"I was told to say that they had a minor infection, because to tell them the truth would in the words of my boss 'upset marital harmony'. The sad fact is that many Uzbek men have mistresses once they have had enough children or their wives have lost interest in sex. Most don't even think about using contraception. Many have several partners during their marriage."


The nurse's fears and suspicions were confirmed by Dr Jay Dobkin, a leading AIDS researcher who has worked in Kazakstan. Dobkin, addressing the Open Society Institute on Jan 12 at the Columbia-Presbyterian Medical Centre, New York, cited the "considerable rise" in the number of syphilis cases between 1985-97 in the region.


Syphilis cases often reflect AIDS figures. For Dobkin they were an "ominous indicator" and precursor to the rapid spread of HIV/AIDS.


According to Dobkin's estimates, there are now upwards of 300,000 intravenous drug users in Central Asia - 90 per cent of whom are through to share needles. A decade ago there were virtually no addicts.


Such statistics would indicate that Uzbekistan's official figures for both drug users and HIV cases are rather conservative.


Widespread ignorance and prejudice exists about AIDS among Uzbeks of all ages.


"We are muslim enough not to talk about sex, promiscuity, or infidelity, but not muslim enough not to take part in them all," said a doctor at a local childrens' hospital, who also preferred not to be named.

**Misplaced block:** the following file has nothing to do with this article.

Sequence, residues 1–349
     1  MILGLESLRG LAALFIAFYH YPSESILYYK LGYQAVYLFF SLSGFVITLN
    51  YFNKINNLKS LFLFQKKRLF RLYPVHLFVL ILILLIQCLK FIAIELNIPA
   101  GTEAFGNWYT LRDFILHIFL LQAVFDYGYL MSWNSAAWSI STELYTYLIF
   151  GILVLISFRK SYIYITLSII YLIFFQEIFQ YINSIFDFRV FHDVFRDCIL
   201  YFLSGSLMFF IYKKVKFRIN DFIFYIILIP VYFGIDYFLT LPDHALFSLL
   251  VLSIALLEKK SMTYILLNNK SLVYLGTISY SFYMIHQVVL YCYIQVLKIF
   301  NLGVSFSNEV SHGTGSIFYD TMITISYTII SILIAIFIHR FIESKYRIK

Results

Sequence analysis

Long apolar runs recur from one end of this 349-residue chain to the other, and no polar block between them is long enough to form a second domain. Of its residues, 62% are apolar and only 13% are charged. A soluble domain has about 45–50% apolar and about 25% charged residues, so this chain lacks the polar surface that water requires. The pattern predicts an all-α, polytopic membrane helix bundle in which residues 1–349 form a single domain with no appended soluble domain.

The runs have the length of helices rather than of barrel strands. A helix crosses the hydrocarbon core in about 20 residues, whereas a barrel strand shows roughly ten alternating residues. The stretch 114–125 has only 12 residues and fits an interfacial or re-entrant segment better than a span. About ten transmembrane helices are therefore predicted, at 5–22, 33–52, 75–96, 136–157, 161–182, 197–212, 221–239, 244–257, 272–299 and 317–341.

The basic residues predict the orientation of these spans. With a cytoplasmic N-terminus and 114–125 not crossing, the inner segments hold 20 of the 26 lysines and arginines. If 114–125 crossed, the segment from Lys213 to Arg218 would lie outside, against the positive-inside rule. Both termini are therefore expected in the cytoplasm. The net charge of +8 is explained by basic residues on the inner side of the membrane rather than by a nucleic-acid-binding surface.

"If we want to broadcast on TV about AIDS we have to be so careful not to upset or offend people. We can never really explain the full horror. If we encourage so-called 'safe sex' we will be accused of encouraging promiscuity among young people.


"We have to pretend everything is fine, even though beneath the morality of much of our life hides a lot that is rotten. People don't understand the implications of their behaviour and won't until it is too late."


Until a few years ago, AIDS could be easily blamed on foreigners who had brought the disease to a 'clean' country.


Thirty-three foreigners were among the 190 cases reported last year. They were duly deported. And, every year on November 1 foreigners working in the provinces are obliged to undergo an HIV test. Indeed, popular belief is that they brought the virus to the country.


People are terrified of contracting the virus and routinely screen themselves before and after admission to local hospitals.


Untested blood is routinely used in transfusions, particularly with donor-relatives. Doctors are reluctant to test blood because of the costs involved. "No blood is screened," said the children's doctor.


Since people believe AIDS is connected with foreigners and poorly resourced hospitals rather than drugs and sex there is no stigma attached to having had a test. Indeed, it's believed the more you have, the safer you are.


So, very few understand the mechanics of HIV transmission. As such, they fail to appreciate the need for them to change their sexual habits.


The very idea of providing government-sponsored sex education would cross social and religious boundaries.


In people's minds it is far safer to confine AIDS and HIV to the squalid underworld of the drug trade. But people need to come to terms with reality if a real disaster is to be averted.


Jennifer Balfour is a regular IWPR contributor